For me, in two weeks, it's been working too well. I don't have a weight problem, so I wasn't interested in losing weight. I wanted to try it because it's fascinating, seems impossible to believe, and MAINLY for the claim that by reducing cravings, it helps you make better eating choices. My goal on this "diet" was that when it was time to eat, I wanted to find carrots and broccoli as viable an option as Ben and Jerry's. That hasn't completely happened (eventhough cravings have virtually disappeared), but within three days, I was actually forgetting to eat. For the last ten days I've had to remind myself--as a purely cognitive activity--that "this is probably a good time to eat something." Is there a danger that I'll become too thin? Sure, if I'm not paying attention. But that's easy enough to correct--there's basically a body-back guarantee. If I just stop the program, I'll get my old body back soon enough.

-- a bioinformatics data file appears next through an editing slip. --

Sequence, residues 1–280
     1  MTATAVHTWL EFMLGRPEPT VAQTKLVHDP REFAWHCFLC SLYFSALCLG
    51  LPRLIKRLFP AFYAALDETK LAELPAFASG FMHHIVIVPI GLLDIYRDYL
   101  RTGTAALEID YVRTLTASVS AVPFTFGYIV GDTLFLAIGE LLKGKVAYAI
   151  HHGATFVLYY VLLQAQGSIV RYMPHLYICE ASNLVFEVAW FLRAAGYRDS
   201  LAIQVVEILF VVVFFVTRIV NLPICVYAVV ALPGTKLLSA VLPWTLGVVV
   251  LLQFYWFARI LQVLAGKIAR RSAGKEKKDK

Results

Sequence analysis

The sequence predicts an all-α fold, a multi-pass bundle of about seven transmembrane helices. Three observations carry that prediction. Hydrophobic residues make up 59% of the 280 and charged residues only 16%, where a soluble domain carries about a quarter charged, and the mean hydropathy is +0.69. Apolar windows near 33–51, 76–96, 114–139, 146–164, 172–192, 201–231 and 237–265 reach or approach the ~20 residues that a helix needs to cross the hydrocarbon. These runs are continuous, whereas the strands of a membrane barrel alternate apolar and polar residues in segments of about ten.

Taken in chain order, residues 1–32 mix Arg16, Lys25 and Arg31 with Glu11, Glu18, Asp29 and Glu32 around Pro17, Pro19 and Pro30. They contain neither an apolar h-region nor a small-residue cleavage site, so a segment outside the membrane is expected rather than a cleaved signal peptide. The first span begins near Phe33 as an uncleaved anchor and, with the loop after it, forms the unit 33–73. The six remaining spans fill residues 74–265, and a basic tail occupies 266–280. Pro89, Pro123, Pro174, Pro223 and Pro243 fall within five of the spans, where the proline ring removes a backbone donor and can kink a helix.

I was worried that this loss of desire for food would mean a loss of pleasure when eating. But this is not food aversion--while nothing beckons you or even sounds especially good, everything tastes just as wonderful as before. And it is the weirdest damn feeling. it's a kind of "not hungry" that is unlike anything I've ever experienced. It seems too good to be true.
And maybe it is. I only have two weeks' experience. Maybe the effect will wear off (eventhough there's little reason to believe that). And the research might turn out to be complete crap--some believe it might even be some kind of elaborate hoax. But I have two other friends on it now, and after five days, they've noticed the effect as well. So I'm not so much recommending it (since that would require more time) as reporting my thoughts about it, my short-term experience, and why I find it so fascinating.